Spider-Woman 5 (August 1978)

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Wolfman edited Spider-Woman too? I guess I hadn’t paid much attention. Now a lot more makes sense. Without any editorial oversight, Wolfman can keep going with whatever he thinks works (to be fair, Spider-Woman did run fifty issues–five years–so he must have been in sync with readers) and what does he go with? A dream issue.

I can’t think of a dream issue offhand I like–did Alan Moore do a Swamp Thing dream issue? I liked that one if he did. But here’s why I hated this one.

Who cares?

Wolfman doesn’t really work at making Spider-Woman a) a likable protagonist or b) even the protagonist of her own book. On the fifth issue, with all her neurosis, it’s clear she’s a lame character. He’s trying to force interesting characteristics; they aren’t helping.

Maybe I think I like Spider-Woman because of the cartoon.

CREDITS

Nightmare; writer and editor, Marv Wolfman; penciller, Carmine Infantino; inker, Tony DeZuniga; colorist, Michele Wolfman; letterer, John Costanza; publisher, Marvel Comics.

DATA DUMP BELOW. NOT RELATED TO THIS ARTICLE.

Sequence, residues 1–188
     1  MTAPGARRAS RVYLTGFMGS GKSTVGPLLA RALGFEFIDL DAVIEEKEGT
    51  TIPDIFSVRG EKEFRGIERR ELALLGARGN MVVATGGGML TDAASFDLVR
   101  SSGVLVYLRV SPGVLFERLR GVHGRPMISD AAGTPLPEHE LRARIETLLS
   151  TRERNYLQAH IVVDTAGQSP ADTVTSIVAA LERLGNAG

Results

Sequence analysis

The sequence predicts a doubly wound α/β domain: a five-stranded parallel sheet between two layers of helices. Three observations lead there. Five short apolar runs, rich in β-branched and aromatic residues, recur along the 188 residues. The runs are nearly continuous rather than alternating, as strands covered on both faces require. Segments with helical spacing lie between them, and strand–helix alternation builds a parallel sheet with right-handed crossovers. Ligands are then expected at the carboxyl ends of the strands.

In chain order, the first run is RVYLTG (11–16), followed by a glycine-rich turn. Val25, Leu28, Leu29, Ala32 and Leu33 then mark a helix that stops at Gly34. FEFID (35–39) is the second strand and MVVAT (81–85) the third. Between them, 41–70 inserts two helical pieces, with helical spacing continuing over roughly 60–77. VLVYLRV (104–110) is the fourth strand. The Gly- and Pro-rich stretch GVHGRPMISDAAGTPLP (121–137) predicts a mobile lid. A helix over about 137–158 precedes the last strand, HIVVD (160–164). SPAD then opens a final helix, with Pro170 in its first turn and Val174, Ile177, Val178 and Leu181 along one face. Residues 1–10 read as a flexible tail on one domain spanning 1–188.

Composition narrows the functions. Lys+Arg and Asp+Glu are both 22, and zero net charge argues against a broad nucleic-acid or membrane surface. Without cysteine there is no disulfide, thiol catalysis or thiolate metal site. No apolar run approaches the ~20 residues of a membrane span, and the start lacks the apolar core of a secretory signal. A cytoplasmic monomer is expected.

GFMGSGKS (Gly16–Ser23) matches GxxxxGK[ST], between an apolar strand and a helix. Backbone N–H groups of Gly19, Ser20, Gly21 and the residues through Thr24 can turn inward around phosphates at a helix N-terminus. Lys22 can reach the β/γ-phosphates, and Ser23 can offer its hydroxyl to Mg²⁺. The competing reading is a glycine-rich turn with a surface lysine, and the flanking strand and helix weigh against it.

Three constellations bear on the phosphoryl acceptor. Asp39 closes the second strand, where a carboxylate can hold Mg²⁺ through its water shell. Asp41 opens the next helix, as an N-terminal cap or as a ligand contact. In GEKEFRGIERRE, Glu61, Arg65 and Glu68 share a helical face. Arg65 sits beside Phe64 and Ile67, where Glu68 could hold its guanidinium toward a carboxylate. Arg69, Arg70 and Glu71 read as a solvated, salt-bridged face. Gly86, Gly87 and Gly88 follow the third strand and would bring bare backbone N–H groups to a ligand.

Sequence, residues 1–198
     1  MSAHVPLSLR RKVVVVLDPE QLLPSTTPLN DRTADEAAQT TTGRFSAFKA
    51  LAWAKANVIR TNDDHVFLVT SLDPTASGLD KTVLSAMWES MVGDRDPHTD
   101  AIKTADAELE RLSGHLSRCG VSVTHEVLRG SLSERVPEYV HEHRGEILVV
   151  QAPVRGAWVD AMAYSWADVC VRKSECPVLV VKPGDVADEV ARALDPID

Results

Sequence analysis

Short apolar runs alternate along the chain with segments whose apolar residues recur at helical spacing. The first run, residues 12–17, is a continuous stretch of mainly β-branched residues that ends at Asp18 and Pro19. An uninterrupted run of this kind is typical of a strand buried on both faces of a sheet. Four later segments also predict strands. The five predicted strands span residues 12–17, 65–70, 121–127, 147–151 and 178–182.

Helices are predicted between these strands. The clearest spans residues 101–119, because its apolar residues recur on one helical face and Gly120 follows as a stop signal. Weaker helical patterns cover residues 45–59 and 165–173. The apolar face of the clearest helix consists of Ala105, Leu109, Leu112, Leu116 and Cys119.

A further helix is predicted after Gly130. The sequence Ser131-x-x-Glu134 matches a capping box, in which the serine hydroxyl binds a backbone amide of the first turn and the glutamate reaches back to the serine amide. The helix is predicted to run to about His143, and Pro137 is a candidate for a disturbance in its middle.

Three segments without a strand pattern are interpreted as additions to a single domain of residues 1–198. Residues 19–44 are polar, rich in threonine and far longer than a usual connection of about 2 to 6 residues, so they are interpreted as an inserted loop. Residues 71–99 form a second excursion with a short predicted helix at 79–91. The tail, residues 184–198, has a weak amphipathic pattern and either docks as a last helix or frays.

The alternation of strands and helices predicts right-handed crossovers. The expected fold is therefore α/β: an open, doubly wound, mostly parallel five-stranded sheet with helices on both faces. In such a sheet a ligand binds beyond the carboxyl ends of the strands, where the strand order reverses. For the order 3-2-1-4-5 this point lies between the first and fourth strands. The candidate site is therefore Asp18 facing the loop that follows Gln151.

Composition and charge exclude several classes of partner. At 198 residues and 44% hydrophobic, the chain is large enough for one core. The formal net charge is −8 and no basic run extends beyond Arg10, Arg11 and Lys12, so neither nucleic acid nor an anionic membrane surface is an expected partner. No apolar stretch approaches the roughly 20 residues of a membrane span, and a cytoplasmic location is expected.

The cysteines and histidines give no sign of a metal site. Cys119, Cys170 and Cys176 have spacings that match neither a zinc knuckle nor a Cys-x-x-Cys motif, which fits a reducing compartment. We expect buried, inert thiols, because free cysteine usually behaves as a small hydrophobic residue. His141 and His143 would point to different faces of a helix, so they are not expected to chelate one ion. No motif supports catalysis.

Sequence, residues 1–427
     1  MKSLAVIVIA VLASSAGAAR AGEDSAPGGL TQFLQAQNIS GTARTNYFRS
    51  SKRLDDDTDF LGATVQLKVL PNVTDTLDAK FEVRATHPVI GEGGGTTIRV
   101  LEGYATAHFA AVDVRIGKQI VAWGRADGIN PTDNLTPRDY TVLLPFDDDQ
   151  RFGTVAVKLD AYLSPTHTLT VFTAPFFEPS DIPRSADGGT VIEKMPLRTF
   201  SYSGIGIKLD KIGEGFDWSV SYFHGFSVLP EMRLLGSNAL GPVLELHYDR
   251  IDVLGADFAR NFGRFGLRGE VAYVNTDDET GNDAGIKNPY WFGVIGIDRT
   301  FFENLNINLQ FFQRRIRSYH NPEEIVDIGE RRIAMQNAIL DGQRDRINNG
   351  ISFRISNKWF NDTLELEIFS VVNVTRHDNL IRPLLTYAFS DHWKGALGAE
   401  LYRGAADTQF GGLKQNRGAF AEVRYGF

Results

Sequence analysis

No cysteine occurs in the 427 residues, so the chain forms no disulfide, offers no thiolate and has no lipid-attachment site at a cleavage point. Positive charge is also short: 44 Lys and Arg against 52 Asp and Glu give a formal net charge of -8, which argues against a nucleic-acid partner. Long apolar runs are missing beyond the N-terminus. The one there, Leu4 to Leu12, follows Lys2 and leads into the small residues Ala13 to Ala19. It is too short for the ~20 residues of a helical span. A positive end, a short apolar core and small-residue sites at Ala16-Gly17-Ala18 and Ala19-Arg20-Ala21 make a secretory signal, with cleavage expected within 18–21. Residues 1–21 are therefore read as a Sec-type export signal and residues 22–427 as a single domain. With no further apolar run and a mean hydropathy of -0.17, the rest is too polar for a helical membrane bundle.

0 thoughts on “Spider-Woman 5 (August 1978)”

  1. Alan Moore’s Swamp Thing had a few stories involving dreams (like issue 22), but no complete story which was a dream in itself. Issue 33 contains a reprint of the first Swamp Thing story from House of Secrets #92, which is presented as a (true) story told within a dream. In Swamp Thing #84, by Rick Veitch, Matt Cable becomes the Sandman’s raven as part of The Dreaming. Learn more than you ever wanted to know about Moore’s/Veitch’s Swamp Thing at http://tinyurl.com/2jc79

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